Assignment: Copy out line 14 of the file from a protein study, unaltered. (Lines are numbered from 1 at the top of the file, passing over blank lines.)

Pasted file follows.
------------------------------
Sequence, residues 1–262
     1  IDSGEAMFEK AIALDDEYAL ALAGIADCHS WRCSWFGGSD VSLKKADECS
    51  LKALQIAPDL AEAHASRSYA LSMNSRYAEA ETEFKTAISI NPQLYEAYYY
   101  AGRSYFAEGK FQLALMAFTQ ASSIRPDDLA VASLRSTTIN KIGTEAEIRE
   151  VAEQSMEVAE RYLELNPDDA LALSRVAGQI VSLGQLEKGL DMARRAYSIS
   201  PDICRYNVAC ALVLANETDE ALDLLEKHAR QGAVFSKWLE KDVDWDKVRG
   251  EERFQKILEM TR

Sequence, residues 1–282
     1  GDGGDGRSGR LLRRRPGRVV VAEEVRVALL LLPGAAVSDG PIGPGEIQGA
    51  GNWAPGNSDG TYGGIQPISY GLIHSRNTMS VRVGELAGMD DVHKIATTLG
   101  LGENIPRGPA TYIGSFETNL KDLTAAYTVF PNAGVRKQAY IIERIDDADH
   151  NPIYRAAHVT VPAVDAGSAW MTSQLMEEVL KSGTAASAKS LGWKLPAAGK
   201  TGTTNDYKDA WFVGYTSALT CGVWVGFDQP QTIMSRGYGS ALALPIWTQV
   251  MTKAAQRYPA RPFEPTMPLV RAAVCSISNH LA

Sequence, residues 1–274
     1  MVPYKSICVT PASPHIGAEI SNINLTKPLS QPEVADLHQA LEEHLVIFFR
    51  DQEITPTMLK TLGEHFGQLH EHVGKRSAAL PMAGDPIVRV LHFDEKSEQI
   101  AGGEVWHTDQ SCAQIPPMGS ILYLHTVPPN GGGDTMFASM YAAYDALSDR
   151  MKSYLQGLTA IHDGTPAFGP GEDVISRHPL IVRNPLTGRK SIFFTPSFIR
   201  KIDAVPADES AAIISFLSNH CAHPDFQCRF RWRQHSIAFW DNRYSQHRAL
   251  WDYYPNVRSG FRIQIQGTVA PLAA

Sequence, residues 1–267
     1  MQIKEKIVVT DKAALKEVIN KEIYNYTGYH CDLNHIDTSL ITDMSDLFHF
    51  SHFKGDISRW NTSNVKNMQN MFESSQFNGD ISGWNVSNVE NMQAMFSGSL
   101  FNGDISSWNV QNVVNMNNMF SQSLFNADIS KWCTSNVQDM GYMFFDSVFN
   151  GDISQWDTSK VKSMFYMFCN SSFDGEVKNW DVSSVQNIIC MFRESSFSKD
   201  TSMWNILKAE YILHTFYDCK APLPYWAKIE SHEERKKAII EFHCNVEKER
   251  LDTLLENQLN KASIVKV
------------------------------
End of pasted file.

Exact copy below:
   251  MTKAAQRYPA RPFEPTMPLV RAAVCSISNH LA